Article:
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Champions League: Deutschland uber alles? Not yet
So much has been written about last week's overwhelming victories by German clubs over their Spanish counterparts in the Champions League semi-finals that neutral observers could be forgiven for thinking Borussia Dortmund and Bayern Munich only had to turn up for the second leg to qualify.
But foregone conclusions are not something the Germans consider - and both Dortmund and Bayern will be only too aware of the pitfalls of complacency.
And in fact, despite the impressive scorelines - 4-1 for Dortmund against Real Madrid and a crushing 4-0 for Bayern over Barcelona - there is no cause for German celebration until at least another 90 minutes' football has been played out.
First up is Real v Borussia on Tuesday night, and although Dortmund have the psychological advantage of having taken four points off the Spaniards in the group matches earlier in the competition, one simple matter has been overlooked in all the hype about their first leg victory.
That concerns the away goal Real mustered in the Ruhr, which could yet be their lifeline to qualification for the final.
With their backs to the wall and playing for coach Jose Mourinho to hold on to his job as much as for personal glory, Real are perfectly capable of knocking in three goals without reply in front of their own fanatical crowd, who will doubtless be baying for blood from the kick-off.
Much depends on the fitness, or otherwise, of Portuguese star Cristiano Ronaldo.
No-one is suggesting Real are a one-man team, but Ronaldo is vital to the way they function and the thigh injury he picked up in Dortmund could yet restrict him to a cameo role in the second leg.
Admittedly, Real beat Atletico 2-1 in the Madrid derby without him and a host of first-team regulars, rested with Tuesday in view, but the fears that he may not be fully fit are not being voiced in the Spanish capital.
Angel Di Maria, who scored the winner after his free kick was turned into his own net by Juanfran for an equaliser, commented: "Winning today gives us extra motivation for Tuesday, which we hope will have the best possible outcome."
Dortmund also won 2-1 away on Saturday, at near neighbours Fortuna Duesseldorf, but rested 10 of the side that beat Real, including four-goal hero Robert Lewandowski for all but the last 20 minutes.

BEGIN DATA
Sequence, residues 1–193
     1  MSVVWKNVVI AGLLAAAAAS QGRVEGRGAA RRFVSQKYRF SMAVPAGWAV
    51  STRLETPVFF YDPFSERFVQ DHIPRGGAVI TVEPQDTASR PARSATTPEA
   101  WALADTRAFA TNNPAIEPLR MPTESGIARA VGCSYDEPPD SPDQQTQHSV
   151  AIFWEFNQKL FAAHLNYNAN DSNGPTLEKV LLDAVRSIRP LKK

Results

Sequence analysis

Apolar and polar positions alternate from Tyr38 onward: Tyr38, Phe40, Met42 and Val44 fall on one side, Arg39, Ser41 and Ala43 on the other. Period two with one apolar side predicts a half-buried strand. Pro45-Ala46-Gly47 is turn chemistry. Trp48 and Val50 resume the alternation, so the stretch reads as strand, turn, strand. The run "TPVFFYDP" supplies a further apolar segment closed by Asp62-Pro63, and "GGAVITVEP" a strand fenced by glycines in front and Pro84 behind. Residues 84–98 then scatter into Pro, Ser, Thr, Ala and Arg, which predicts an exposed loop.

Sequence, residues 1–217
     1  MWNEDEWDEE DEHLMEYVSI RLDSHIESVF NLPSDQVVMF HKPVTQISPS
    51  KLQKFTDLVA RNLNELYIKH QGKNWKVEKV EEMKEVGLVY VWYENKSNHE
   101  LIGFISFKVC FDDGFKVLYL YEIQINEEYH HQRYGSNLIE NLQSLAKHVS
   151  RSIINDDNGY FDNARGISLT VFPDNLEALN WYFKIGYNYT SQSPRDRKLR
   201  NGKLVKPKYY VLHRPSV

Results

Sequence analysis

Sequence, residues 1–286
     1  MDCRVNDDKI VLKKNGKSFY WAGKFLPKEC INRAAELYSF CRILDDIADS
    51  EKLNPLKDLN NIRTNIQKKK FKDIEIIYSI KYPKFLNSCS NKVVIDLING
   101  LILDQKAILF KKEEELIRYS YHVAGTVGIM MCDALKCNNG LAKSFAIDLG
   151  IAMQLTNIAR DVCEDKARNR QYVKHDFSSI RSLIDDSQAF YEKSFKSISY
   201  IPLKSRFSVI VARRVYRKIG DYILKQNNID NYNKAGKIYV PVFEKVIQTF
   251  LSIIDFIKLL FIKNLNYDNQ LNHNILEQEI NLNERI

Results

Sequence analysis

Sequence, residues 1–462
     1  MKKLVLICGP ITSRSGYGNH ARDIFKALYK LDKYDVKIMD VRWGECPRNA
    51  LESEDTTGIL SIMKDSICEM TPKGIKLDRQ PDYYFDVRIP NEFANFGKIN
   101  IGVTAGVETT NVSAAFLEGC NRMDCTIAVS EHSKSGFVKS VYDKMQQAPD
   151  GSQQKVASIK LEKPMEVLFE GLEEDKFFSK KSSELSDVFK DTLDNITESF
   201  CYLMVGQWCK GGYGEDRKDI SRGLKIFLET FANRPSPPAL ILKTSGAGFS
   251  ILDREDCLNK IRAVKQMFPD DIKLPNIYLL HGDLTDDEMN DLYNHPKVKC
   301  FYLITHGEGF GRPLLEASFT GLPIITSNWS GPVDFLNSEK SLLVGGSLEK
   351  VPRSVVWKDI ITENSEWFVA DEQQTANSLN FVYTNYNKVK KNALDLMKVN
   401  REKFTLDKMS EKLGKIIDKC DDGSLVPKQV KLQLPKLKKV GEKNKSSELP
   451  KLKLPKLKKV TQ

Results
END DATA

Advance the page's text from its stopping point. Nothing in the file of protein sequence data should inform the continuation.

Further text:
Meanwhile, Bayern, who also made 10 changes from the side which slaughtered Barcelona, managed a 1-0 win over Freiburg to break the record number of points for a Bundesliga season.
Barca, of course, have already shown themselves capable of putting four without reply past crack European opponents, as they did in the quarter-final against AC Milan to overturn a 2-0 deficit from the first leg.
And, even if the mercurial Lionel Messi is less than fully fit, it is generally thought Barca cannot play so poorly, or look so slack at the back as they did in Munich.
Messi, however, did come to their rescue in the 2-2 draw at Athletic Bilbao, coming on as a second half substitute to score a brilliant individual goal and set up Alexis Sanchez for a second goal.
But even if they were to score four, all but their most diehard fan would have to fancy Bayern to nick an away goal at the Nou Camp, especially considering their comprehensive demolition of another of the continent's dominant sides, Juventus, who they beat 2-0 both home and away to advance to the last four.
There was really little indication to be gleaned from the weekend action as to what might be coming up as all four protagonists rested key players ahead of the crucial midweek matches.
But with form and first leg scores taken into account, London's Wembley Stadium, venue for the final on May 25, can probably prepare for an invasion of the massed ranks of German supporters from Bavaria and the Ruhr as Bayern and Borussia do battle for the title of Europe's finest.
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